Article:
A local bill to provide funding to rehabilitate Royal Palm Beach canals, which passed in previous sessions but was vetoed by the governor, is going through the state legislature in Tallahassee once again.
Over the past several years, the village has been trying to address the accumulation of muck in its canals, which is easily stirred up and encourages the proliferation of aquatic weeds that are difficult, if not impossible, to control during the summer months.
The canals have not been cleaned since they were dug years ago, and the village receives many complaints about aquatic weed overgrowth in the summer.
“We apply for it every year, and we seem to get pretty far down the trail, and it’s vetoed by the governor,” Village Manager Ray Liggins told the Town-Crier on Tuesday. “It’s a local funding initiative. We apply for one every year, and we’ve gotten them once in a while. We’ve gotten vetoed the last couple of years.”
The Canal System Rehabilitation Project sponsored by State Rep. Matt Willhite (D-District 86) was approved by the Agriculture and Natural Resources Appropriations Subcommittee 13-0 on Jan. 18 and referred to the Appropriations Committee on Jan. 22. The bill requests $475,000 from the state to assist in the rehabilitation of the village’s canal system.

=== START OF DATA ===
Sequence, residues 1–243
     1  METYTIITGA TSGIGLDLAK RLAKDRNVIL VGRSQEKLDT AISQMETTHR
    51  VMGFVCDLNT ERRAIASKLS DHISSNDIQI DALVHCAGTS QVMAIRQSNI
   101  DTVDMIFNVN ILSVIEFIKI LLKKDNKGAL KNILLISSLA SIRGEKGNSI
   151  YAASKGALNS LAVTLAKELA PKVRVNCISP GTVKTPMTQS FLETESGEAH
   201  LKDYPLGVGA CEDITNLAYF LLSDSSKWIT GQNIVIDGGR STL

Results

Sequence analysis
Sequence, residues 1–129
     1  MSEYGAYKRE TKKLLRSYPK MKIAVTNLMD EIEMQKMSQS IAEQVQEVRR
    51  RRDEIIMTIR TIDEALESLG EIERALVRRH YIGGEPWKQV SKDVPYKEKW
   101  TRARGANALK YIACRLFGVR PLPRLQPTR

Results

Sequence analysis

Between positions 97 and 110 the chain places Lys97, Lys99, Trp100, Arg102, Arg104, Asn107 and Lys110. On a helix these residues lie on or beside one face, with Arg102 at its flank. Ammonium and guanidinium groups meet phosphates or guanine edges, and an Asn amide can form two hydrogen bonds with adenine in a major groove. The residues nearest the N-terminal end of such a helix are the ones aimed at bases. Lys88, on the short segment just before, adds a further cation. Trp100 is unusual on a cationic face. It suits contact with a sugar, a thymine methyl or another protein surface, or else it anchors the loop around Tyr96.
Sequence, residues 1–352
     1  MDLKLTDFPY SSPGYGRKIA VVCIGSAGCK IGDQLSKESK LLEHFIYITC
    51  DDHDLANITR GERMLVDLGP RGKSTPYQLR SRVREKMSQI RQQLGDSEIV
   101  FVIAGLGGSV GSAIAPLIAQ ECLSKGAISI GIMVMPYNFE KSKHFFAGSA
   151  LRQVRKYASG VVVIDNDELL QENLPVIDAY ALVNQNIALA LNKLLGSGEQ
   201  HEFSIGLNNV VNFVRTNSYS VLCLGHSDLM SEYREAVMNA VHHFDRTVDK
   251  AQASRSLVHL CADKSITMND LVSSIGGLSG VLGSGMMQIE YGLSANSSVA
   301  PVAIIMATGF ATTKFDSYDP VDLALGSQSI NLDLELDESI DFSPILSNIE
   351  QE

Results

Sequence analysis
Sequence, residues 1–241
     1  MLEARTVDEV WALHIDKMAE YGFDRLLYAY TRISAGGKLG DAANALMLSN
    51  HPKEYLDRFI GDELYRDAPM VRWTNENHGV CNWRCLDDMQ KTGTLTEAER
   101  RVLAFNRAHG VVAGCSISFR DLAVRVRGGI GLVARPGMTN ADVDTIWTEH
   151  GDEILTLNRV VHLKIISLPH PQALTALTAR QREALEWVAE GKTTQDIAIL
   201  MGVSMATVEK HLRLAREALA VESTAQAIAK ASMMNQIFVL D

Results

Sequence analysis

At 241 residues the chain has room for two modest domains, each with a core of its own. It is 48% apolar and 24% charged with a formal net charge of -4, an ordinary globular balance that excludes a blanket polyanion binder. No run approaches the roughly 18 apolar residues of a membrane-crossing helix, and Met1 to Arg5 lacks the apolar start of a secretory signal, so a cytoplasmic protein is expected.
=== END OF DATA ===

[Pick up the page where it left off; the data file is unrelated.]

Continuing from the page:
Liggins said the request fits in with the stormwater utilities ordinance passed by the village several years ago.
“The stormwater utilities pays for the maintenance of the system, and we have put some money away for capital,” he said. “We did one section of canal over in the La Mancha area. What we determined in doing that was it’s really expensive. It’s over $100 per cubic yard to deal with the muck removal. That was a half-million-dollar project.”
He said the village is prepared to match about $1 million with the request of $475,000 from the state.
“We think that we can get much better cost per unit if we can make it a $2 million project,” he said. “The cost of mobilization and all that was pretty high. We think we can do it much more efficiently. What we’re doing is removing the muck and deepening it a little bit, putting ourselves in a position where we will be less reliant on chemicals to control the weed growth. That’s our whole goal. We’re hoping to get better water quality because the muck’s not there. The muck stirs up easily, and you get sediment suspended in the water easier. It’s not as attractive, and can smell, too.”
Liggins said there is six inches to a foot of muck at the bottom of all the canals, and that was the only request to the state by the village.
“We always have the request, ‘Leave us alone,’” he said. “It looks like they’re getting pretty aggressive with these home rule [regulations]. I know that from November last year, they’ve got on the ballot people being able to vote for another $25,000 homestead exemption. It has huge effects for Palm Beach County. [Royal Palm Beach] will lose $350,000 in revenue if that passes.”